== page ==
Editor's Note

by William McKenzie, Senior Editorial Advisor and Editor of The Catalyst

A look at how Americans can create a more perfect union.

You don’t need much prompting to recognize that America’s democracy faces stress tests almost every day. Political extremism. Gun violence. Racial tension. These are among the signals that we live in a period of upheaval and discontent. 

America certainly has encountered divisiveness before. And robust debates are signs of a healthy, pluralistic society. Still, we should take the polarization seriously so we can create a more perfect union. 

In that vein, The Catalyst asked contributors with different expertise to explain how Americans might work through their differences to create a greater common good. Here’s what you will find in this edition: 

  • In a Catalyst video conversation, two former legislators — Joe Lieberman and Will Hurd —explain how government can work again through a renewal of centrism and pragmatic idealism; 
  • The Carnegie Endowment for Peace’s Rachel Kleinfeld details how to curb rising political violence; 
  • Chicago Superintendent of Police David Brown, a Bush Institute fellow, shares lessons he has learned in working through tensions between police officers and the communities they serve; 
  • Purdue University President Mitch Daniels discusses how universities can strengthen the common good, including through promoting free speech; 
  • The mayors of cities in Oklahoma, Oregon, and Texas explain how they build consensus around priorities and move their communities toward achieving large goals; 
  • Bush Center President and CEO Kenneth A. Hersh observes how effective leadership from American citizens to top officials can strengthen our democracy; 
  • In a Catalyst Review, Anne Wicks, the Bush Institute’s Ann Kimball Johnson Director of Education and Opportunity, assesses author Amanda Ripley’s ideas for mitigating intense conflicts;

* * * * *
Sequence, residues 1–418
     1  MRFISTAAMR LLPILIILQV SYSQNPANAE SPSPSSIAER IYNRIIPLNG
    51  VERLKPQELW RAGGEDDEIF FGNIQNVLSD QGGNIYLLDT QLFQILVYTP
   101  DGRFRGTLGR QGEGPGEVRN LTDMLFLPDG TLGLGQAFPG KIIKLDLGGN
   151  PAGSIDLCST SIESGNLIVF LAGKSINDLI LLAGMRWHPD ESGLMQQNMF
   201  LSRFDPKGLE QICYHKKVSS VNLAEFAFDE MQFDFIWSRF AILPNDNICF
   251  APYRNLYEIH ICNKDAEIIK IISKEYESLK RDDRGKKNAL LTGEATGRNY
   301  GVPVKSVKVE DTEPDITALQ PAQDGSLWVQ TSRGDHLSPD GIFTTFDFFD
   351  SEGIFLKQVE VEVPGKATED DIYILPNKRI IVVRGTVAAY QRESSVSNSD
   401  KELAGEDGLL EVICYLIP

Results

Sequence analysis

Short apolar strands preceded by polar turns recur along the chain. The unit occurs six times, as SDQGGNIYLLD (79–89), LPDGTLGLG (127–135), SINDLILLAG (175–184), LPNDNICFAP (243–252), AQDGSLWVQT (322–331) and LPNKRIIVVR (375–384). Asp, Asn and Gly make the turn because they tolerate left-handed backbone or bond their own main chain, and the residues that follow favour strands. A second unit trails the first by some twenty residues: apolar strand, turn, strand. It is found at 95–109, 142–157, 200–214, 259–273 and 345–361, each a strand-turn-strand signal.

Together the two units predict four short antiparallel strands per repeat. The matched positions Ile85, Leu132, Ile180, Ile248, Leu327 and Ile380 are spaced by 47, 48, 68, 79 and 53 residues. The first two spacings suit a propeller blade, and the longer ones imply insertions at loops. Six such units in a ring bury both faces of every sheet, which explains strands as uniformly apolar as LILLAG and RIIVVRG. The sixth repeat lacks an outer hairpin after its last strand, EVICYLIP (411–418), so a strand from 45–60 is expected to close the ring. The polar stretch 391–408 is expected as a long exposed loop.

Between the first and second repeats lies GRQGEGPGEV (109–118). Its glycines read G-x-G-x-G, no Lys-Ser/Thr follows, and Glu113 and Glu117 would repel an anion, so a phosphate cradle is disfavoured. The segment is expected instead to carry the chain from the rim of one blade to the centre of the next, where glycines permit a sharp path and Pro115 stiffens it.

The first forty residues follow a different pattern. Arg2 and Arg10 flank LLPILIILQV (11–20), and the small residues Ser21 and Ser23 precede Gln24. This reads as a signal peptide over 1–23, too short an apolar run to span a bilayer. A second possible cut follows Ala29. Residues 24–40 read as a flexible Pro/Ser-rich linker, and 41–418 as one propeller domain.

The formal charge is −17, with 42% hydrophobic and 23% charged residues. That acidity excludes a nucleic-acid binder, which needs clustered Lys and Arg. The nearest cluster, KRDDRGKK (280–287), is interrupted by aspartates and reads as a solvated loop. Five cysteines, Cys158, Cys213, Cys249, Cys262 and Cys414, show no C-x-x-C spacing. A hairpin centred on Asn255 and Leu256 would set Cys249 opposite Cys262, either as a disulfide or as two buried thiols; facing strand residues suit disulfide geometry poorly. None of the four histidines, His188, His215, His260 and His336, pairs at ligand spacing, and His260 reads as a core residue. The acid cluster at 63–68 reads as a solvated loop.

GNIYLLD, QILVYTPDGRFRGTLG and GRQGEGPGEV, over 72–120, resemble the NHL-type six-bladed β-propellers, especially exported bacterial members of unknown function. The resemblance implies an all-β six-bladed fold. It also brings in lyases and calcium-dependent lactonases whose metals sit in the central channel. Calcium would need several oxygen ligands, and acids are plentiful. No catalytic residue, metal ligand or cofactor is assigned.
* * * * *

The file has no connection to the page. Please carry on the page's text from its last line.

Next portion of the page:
• Eva Chiang, Managing Director of Leadership and Programming at the Bush Institute, reports on counter-intuitive research that suggests disagreeing can be a good thing among people if people have a shared goal; 
  • Chris Walsh, Deputy Director of Freedom and Democracy at the Bush Institute, engages with former Bush Institute colleague Farhat Popal on how they have remained friends despite their differing views; 
  • Bush Institute Executive Director Holly Kuzmich identifies lessons from the past that can help Congress break through the current polarization and pass legislation that benefits Americans; 
  • Catalyst Editorial Assistant Peyton Webb, a SMU senior majoring in journalism and history, presents a college student’s view on how to use social media without giving into its worst aspects; 
  • Cullum Clark, Director of the Bush Institute—SMU Economic Growth Initiative, shows how building local social capital is essential to developing trust and civil engagement; and 
  • Natalie Gonnella-Platts, the Bush Institute’s Director of Women’s Advancement, explains how guaranteeing safety for women is crucial for guaranteeing any sense of the common good. 

The views expressed in these pieces are not necessarily those of the Bush Institute, but we do welcome your responses to these essays and interviews. Hearing from you is one way to strengthen civil dialogue.

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